NSF Program Taps Young Scientists To Forge Link With Japan

U.S. students found their summer in Japanese labs professionally as well as culturally productive, but not many plan to return WASHINGTON--A National Science Foundation program to forge closer ties with Japanese scientists is gaining popularity among the next generation of United States scientists, say NSF officials. The Summer Institute in Japan, which sent 25 U.S. graduate students in science and engineering to Japanese research facilities last summer, will support 50 such students this com

Elizabeth Pennisi
Dec 9, 1990
U.S. students found their summer in Japanese labs professionally as well as culturally productive, but not many plan to return
WASHINGTON--A National Science Foundation program to forge closer ties with Japanese scientists is gaining popularity among the next generation of United States scientists, say NSF officials.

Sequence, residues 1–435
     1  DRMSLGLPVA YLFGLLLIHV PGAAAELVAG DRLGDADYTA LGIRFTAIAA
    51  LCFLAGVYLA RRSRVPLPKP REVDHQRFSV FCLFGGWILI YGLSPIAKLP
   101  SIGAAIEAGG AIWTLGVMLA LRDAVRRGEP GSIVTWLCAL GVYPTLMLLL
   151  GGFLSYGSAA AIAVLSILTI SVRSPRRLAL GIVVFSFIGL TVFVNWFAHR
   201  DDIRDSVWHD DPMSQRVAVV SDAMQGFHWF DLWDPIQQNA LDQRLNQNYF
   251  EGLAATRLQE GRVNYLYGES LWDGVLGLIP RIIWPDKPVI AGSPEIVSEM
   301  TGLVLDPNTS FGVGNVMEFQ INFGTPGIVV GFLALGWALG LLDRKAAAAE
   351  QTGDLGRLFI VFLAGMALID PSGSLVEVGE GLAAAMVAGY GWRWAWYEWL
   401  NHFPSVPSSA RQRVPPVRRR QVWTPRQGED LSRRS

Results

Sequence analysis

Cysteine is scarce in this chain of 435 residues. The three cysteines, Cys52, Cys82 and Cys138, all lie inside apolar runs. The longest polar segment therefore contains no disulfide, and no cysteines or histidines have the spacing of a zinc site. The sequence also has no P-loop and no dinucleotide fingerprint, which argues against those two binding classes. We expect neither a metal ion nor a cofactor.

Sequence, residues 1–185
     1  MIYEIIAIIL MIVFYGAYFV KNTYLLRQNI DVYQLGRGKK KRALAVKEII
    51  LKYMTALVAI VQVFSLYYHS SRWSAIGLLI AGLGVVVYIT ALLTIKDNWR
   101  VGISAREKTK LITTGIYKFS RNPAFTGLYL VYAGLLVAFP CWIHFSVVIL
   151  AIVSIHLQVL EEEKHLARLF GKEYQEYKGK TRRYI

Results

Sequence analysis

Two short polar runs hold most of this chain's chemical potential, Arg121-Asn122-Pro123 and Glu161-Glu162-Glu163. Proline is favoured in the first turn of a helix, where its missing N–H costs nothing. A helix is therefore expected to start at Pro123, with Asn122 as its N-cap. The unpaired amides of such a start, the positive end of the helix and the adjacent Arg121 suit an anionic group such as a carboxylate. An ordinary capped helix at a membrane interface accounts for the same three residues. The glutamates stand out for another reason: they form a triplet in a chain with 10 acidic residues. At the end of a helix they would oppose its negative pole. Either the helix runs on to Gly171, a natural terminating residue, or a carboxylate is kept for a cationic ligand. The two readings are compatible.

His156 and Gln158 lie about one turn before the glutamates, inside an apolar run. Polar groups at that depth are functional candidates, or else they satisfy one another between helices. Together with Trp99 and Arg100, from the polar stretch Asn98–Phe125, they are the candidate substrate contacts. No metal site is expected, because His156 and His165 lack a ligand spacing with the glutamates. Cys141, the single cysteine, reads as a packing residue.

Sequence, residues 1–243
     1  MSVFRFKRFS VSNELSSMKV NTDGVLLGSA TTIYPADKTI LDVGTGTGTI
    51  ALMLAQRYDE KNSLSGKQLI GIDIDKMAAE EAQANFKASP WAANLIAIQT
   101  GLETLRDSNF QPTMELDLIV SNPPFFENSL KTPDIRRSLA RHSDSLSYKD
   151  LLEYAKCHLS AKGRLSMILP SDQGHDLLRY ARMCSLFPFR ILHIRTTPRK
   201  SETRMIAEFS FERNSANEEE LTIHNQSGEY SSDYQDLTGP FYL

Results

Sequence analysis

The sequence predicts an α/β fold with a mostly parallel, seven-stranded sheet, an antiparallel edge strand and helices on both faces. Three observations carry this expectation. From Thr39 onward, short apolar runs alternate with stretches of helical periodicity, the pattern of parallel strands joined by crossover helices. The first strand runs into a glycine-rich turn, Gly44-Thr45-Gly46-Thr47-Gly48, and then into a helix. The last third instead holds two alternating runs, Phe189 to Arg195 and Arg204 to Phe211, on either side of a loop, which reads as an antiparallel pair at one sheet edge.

The Summer Institute in Japan, which sent 25 U.S. graduate students in science and engineering to Japanese research facilities last summer, will support 50 such students this coming summer. And last month, NSF and Japanese officials agreed to expand opportunities for young researchers by allowing U.S. graduate students to apply to similar programs in Japan that were previously open only to postdoctoral fellows and principal investigators.

"It's all just mushrooming," says Larry Weber, program manager for the Japan Program at NSF. "It's increasing everyone's awareness that there is something interesting going on in Japan."

The attempt to encourage U.S. students to enter Japanese laboratories...